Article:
The six week deadline: everything to know about the new Texas abortion bill


Credit: John Anderson/The Austin Chronicle

A protest is performed against Texas’ new Heartbeat bill in front of the Texas Capitol on September 1, 2021.

Conner McBride, Staff Writer

People gather outside the outside the Texas State Capitol on sunny September 1, some are holding signs with words like “we demand bodily autonomy” or “abortion is healthcare,” but all of them are chanting, “Bans off our bodies, my body is my own.”

Texas’ new law came into effect on September 1, 2021. It enables any and all persons, as long as they are not an officer or work for the state or government, to act as a vigilante of sorts by filing lawsuits against medical practices or people who help or plan to help a pregnant women get an abortion once the unborn fetus’ heartbeat is detected, which can be “as early as 3 weeks after conception or 5 to 6 weeks after the first day of the last menstrual cycle,” according to Dr. Vincenzo Berghella, director of maternal-fetal medicine at BabyCenter.

“In Texas, we work to save those [children’s] lives, that’s exactly what the Texas legislature did this session.” said Greg Abbott, the Governor of Texas in a video he posted on his Twitter where he signed the bill. “They worked together on a bi-partisan basis to pass a bill that I am about to sign that insures that the life of every unborn child who has a heartbeat will be saved from the ravages of abortion,” 

With this law in place any citizen of the state can sue someone if they help provide an abortion. “The patient may not be sued,” said writers Adam Liptak, J. David Goodman, and Sabrina Tavernise in the article Supreme Court, Breaking Silence, Won’t Block Texas Abortion Law, “but doctors, staff members at clinics, counselors, people who help pay for the procedure, and even an Uber driver taking a patient to an abortion clinic are all potential defendants.”Only the patient who the abortion is being performed on may not be sued.

Alan Feuer in the article The Texas Abortion Law Creates A Kind of Bounty Hunter. Here’s How It Works from the New York Times said, The law establishes a kind of bounty system. If these vigilante plaintiffs are successful, the law allows them to collect cash judgments of $10,000 — and their legal fees — from those they sue. If they lose, they do not have to pay the defendants’ legal costs.” 

Since it’s passing, the law has sparked controversy leading to things such as protests for women’s rights, like one that happened in front of Texas’s state capitol the day the law went into effect. Based on the Latin American feminist performance protest ‘The Rapist In Your Path’ also known as ‘The Rapist Is You,’ the protesters were wearing either orange or white, with shirts that said “Bans off our bodies.” 

A meme circling social media also portrayed the Dallas Cowboys cheerleaders participating in another form of protest. The cheerleaders had on an edited blue version of the outfit worn by women in the popular Hulu show “The Handmaid’s Tale.” The outfits in the show are worn by Handmaids and symbolize ‘lifeblood’ because the handmaid’s duty is to reproduce.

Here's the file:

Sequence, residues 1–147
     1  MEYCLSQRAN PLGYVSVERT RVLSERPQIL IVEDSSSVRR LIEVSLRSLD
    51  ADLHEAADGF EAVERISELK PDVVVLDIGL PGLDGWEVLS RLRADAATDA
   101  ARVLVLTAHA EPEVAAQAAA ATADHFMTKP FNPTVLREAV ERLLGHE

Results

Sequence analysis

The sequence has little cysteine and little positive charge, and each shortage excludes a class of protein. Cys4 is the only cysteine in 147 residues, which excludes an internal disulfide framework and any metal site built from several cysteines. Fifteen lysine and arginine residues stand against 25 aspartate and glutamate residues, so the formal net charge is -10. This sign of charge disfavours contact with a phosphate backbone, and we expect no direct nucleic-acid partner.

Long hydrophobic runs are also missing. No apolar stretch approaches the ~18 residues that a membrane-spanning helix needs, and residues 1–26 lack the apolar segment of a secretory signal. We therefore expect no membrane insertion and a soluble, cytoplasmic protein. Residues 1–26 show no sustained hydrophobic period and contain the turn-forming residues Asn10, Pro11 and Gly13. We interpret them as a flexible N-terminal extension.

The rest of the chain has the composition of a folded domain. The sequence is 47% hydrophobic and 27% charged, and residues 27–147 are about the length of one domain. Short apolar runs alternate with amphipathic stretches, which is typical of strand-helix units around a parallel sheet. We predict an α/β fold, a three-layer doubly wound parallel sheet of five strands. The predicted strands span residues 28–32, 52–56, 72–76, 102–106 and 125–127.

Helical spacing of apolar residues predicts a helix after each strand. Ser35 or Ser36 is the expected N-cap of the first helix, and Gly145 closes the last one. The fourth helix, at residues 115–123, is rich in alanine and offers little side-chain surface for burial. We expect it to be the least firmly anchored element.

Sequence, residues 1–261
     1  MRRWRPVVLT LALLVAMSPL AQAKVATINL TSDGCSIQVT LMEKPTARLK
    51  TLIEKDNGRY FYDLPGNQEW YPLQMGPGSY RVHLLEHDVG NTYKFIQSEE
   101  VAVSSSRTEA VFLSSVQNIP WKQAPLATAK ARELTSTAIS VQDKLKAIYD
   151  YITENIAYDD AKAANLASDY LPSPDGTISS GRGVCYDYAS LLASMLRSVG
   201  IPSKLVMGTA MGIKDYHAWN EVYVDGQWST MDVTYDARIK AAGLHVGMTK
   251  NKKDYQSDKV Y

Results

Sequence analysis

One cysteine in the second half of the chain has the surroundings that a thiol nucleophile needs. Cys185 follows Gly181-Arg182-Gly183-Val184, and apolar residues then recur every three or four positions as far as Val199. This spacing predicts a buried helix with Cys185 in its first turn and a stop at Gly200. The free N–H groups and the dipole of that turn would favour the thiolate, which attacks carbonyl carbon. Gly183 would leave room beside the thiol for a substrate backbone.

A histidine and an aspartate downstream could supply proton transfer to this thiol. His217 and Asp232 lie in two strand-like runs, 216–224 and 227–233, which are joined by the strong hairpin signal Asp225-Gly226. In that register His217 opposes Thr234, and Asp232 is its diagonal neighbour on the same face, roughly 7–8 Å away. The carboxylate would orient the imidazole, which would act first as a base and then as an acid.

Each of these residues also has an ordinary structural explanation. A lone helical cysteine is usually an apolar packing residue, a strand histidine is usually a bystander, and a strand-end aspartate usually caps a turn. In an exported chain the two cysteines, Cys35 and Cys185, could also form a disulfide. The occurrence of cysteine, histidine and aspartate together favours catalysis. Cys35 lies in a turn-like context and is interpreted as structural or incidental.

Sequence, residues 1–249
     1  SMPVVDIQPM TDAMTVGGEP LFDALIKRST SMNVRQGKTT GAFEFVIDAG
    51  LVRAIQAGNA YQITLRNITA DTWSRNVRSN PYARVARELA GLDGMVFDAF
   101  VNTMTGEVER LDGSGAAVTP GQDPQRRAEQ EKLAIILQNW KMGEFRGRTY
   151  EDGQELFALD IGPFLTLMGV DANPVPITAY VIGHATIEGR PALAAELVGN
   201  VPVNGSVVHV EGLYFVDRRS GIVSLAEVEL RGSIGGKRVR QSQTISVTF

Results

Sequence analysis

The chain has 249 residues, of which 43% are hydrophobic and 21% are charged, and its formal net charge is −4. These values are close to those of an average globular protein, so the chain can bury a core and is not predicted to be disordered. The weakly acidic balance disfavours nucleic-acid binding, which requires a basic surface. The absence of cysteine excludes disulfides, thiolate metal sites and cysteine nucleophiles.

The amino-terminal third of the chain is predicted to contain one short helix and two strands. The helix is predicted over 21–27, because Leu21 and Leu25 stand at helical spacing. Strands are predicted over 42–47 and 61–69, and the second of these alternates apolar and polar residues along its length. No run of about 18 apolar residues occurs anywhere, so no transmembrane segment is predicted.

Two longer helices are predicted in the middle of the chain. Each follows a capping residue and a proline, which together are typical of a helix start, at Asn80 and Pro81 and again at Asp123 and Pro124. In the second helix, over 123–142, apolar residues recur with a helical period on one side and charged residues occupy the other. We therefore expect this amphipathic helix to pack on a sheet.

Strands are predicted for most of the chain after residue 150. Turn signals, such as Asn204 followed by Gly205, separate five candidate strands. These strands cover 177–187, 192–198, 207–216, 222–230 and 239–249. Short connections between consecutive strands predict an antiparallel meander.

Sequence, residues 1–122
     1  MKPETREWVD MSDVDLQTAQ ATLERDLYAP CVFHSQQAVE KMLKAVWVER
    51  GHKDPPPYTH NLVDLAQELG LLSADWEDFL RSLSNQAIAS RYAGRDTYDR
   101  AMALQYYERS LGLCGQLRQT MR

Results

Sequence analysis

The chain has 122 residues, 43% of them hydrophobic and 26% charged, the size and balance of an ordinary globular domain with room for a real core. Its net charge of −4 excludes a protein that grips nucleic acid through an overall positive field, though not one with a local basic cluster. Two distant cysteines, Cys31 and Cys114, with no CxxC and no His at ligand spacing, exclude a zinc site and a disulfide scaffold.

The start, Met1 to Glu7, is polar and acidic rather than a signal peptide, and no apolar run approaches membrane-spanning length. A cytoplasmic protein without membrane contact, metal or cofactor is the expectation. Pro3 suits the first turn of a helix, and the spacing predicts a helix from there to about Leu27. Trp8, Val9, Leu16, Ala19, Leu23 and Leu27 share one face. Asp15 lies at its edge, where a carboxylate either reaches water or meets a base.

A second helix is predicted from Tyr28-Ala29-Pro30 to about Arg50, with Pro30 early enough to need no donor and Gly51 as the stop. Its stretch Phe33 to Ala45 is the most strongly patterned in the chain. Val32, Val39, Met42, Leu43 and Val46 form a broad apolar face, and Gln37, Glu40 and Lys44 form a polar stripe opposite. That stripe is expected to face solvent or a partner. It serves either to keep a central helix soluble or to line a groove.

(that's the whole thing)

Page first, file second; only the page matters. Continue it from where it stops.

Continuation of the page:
Politicians and celebrities also spoke out against the abortion law, using their platforms to voice their opinions about the new law. 

In agreement with the law, Lieutenant Governor of Texas, Dan Patrick tweeted, “Human life is sacred & should be protected at all stages. Now officially in effect, the Heartbeat Bill bans abortions as early as 6 weeks or when a heartbeat is detected. #SB8 is a victory for life & demonstrates our commitment to protecting our most vulnerable. #txlege #ProLife”

Disagreeing with the law, “Last night, the Supreme Court officially overturned five decades of settled law and permitted Texas’ unconstitutional abortion ban to stand,” former United States Secretary of State, Hillary Clinton, tweeted, “Yes: They gutted Roe v. Wade without hearing arguments, in a one-paragraph, unsigned 5-4 opinion issued in the middle of the night.”

On September 1st, 2021 after an emergency appeal from both abortion providers and people who wanted to block the new law, a Supreme Court meeting was called in the late hours of the evening wherein the members of the court voted 5-4 in denying the blocking of the new law, leading to another wave of anger. 

American actress and stand-up comedian Amy Schumer tweeted, “The newest Texas abortion ban, #SB8, gives politicians, neighbors, and even strangers the right to sue those who provide – or just help patients get – abortion after 6 wks. The time to fight for our reproductive health & rights is now! #BansOffOurBodies” 

In an official statement, President Joe Biden called the Court’s ruling,an unprecedented assault on a woman’s constitutional rights under Roe v. Wade, which has been the law of the land for almost fifty years.”

Supreme Court Chief Justice John Roberts, dissenting on the case said, “The Court’s order is emphatic in making clear that it cannot be understood as sustaining the constitutionality of the law at issue. But although the Court does not address the constitutionality of this law, it can of course promptly do so when that question is properly presented.”

In simpler terms: the law might or might not be constitutional and the Court members aren’t deciding that at this time though they might in the future if the right case is presented and argued. 

After the court case, more protests happened. One on Monday, September 13 took place outside of Supreme Court Justice Brett Kavanaugh’s home in Chevy Chase, Maryland calling for Kavanaugh to resign after he ruled in favour of Texas’ law.

Because this law was not blocked by the Supreme Court, it will set a new standard for how far policies can be pushed before they can be declared unconstitutional.